October 2nd, 2012 by John Pell
“A popular Government without popular information, or the means of acquiring it, is but a Prologue to a Farce or a Tragedy, or perhaps both. Knowledge will forever govern ignorance, and a people who mean to be their own Governors, must arm themselves with the power which knowledge gives.”[i]
With October being National Information Literacy Awareness Month[ii] and the presidential election being just around the corner, it seems like an appropriate time to comment a little on the relationship of information literacy to voting. You may have caught Sarah’s post last month about voting[iii] -so, as the second Hunter librarian to make a post about voting in as many months, I would like to try to explain a little about what may motivate librarians- professionally- to urge students to participate in our elections.
The idea that an informed public is critical to democracy- expressed by James Madison in the quote given at the beginning of this blog post- informs some contemporary efforts to define information literacy, efforts such as The ACRL Information Literacy Standards for Higher Education[iv], which make a point of describing information literacy as something that contributes to the development of “informed citizens” and “members of communities.” While these standards do not explicitly mention voting, it is not much of a stretch to think of voting as a natural activity for- or even as a kind of test of what it means to be- “informed citizens” and “members of communities.”
The conception of information literacy as a part of lifelong learning practices that develop informed citizens and members of communities is an example of an educational ideal that aims not just at developing marketable skills, but also at developing more complete and responsible individuals who contribute to and participate in the social and political process of their communities. It is in this spirit of promoting the development of informed citizens and members of communities that I present a VOTE! guide to resources for understanding the electoral process, fact-checking political candidates, getting registered, and finding a polling place.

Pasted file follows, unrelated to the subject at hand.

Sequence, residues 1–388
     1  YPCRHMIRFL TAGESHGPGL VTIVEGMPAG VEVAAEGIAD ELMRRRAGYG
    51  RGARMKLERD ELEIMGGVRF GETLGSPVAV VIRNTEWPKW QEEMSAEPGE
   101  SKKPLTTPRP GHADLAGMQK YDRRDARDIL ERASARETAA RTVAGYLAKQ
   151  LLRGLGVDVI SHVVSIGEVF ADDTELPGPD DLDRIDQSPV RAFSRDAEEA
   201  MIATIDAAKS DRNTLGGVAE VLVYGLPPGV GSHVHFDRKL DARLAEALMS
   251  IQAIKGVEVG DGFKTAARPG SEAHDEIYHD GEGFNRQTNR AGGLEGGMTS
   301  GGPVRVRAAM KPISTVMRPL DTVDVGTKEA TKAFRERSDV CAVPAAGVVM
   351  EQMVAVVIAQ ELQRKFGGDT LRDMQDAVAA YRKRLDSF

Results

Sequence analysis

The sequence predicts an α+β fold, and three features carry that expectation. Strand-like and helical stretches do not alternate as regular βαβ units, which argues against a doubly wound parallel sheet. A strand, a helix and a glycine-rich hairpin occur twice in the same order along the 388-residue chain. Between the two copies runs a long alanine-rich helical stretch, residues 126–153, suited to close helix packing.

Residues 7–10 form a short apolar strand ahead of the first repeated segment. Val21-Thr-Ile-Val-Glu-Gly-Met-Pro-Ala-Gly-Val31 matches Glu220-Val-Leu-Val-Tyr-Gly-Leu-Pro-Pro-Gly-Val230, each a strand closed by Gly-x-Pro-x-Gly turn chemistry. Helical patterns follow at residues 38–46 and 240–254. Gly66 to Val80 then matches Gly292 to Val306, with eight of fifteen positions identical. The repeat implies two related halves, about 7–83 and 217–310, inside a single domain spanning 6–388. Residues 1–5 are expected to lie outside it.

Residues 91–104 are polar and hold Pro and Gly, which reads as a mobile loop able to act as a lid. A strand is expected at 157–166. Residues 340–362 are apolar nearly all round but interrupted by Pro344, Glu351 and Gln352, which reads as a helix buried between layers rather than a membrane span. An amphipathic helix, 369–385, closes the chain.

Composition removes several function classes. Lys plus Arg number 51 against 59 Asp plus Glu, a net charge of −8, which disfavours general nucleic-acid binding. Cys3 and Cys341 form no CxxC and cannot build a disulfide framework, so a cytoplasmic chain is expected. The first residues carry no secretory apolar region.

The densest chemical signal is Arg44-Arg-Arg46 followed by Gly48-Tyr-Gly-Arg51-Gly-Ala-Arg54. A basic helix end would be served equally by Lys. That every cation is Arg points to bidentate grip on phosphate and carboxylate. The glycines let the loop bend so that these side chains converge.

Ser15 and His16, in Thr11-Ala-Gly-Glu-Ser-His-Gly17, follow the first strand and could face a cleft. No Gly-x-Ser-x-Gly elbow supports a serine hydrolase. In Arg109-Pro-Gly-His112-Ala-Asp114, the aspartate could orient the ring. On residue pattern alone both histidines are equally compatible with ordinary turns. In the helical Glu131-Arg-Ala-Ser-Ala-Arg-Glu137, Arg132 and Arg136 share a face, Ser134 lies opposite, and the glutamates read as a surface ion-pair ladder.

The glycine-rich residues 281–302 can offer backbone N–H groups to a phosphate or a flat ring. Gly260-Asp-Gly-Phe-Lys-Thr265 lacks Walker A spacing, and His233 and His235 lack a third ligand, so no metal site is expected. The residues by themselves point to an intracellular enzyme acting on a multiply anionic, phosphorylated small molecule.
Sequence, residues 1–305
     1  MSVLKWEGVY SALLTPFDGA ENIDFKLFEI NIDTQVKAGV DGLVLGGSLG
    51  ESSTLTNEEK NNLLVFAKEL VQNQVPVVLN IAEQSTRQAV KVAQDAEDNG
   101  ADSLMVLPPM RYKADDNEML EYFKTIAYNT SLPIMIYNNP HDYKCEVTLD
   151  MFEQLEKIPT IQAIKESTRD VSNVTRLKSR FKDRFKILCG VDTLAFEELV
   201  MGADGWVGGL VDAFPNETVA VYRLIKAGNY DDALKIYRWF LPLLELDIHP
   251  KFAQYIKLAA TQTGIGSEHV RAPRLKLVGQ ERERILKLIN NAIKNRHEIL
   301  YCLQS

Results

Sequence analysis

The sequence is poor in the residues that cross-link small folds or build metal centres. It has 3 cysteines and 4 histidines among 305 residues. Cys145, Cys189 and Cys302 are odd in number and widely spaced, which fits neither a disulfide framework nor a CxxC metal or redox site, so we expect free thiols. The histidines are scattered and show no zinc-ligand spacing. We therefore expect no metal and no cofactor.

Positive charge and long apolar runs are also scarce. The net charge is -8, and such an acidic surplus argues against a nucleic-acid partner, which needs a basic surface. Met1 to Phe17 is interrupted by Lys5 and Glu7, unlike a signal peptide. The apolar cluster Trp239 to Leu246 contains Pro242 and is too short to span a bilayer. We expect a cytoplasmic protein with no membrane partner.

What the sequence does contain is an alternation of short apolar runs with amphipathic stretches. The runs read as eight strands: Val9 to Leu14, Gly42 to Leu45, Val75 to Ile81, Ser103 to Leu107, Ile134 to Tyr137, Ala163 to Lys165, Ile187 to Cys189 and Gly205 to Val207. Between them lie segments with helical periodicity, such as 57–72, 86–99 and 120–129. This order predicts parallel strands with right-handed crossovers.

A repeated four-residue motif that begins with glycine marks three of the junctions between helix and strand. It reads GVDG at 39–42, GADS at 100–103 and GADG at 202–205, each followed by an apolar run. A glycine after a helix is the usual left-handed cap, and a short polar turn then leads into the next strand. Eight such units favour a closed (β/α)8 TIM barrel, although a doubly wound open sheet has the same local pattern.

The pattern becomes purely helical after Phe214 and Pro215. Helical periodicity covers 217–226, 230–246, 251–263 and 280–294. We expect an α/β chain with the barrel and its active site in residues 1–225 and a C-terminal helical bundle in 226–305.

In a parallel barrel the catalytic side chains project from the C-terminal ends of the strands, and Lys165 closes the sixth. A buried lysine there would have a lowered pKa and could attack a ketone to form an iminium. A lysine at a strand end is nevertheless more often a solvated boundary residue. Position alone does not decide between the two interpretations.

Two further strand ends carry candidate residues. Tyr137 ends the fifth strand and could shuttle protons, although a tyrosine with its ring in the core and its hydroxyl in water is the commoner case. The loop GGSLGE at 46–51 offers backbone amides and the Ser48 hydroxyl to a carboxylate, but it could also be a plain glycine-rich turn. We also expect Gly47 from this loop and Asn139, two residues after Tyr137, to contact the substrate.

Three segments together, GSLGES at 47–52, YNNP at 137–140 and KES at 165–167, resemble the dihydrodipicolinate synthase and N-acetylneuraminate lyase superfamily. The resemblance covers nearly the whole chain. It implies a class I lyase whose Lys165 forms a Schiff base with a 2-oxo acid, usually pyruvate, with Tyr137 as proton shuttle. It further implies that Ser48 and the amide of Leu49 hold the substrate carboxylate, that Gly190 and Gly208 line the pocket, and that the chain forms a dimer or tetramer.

The earliest deadlines to register to vote are coming up this Saturday, October 6th; if you have not yet registered yourself to vote, I hope you will take a few minutes to check out the guide and then take the next steps toward civic participation.
[i] “Keeping America Informed: The U.S. Government Printing Office 1861–2011: 150 Years of Service to the Nation” (US Government Printing Office, n.d.), http://www.gpo.gov/fdsys/pkg/GPO-KEEPINGAMERICAINFORMED/pdf/GPO-KEEPINGAMERICAINFORMED.pdf.
[ii] National Forum on Information Literacy, “National Information Literacy Awareness Month Is October!”, n.d., http://infolit.org/about-the-nfil/national-information-literacy-awareness-month-is-october/.
[iii] Sarah Ward, “Election 2012,” Hunter College Libraries, September 17, 2012, http://library.hunter.cuny.edu/blog/news/election-2012/.
[iv] “Information Literacy Competency Standards for Higher Education”, n.d., http://www.ala.org/acrl/standards/informationliteracycompetency.